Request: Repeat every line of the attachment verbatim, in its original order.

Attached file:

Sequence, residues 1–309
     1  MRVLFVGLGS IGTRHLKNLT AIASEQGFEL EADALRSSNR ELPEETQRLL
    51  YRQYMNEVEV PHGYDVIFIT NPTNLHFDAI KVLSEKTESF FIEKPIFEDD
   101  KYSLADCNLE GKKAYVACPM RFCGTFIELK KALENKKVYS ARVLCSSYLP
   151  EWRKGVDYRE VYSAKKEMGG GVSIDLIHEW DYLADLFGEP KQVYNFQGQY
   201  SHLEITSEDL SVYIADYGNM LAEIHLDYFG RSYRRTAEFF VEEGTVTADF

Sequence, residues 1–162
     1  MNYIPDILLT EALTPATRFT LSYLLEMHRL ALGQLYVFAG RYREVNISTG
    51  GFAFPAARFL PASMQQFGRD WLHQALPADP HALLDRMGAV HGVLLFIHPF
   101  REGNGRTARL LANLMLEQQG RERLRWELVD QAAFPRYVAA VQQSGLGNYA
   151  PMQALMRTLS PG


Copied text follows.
Sequence, residues 1–309
     1  MRVLFVGLGS IGTRHLKNLT AIASEQGFEL EADALRSSNR ELPEETQRLL
    51  YRQYMNEVEV PHGYDVIFIT NPTNLHFDAI KVLSEKTESF FIEKPIFEDD
   101  KYSLADCNLE GKKAYVACPM RFCGTFIELK KALENKKVYS ARVLCSSYLP
   151  EWRKGVDYRE VYSAKKEMGG GVSIDLIHEW DYLADLFGEP KQVYNFQGQY
   201  SHLEITSEDL SVYIADYGNM LAEIHLDYFG RSYRRTAEFF VEEGTVTADF

Sequence, residues 1–162
     1  MNYIPDILLT EALTPATRFT LSYLLEMHRL ALGQLYVFAG RYREVNISTG
    51  GFAFPAARFL PASMQQFGRD WLHQALPADP HALLDRMGAV HGVLLFIHPF
   101  REGNGRTARL LANLMLEQQG RERLRWELVD QAAFPRYVAA VQQSGLGNYA
   151  PMQALMRTLS PG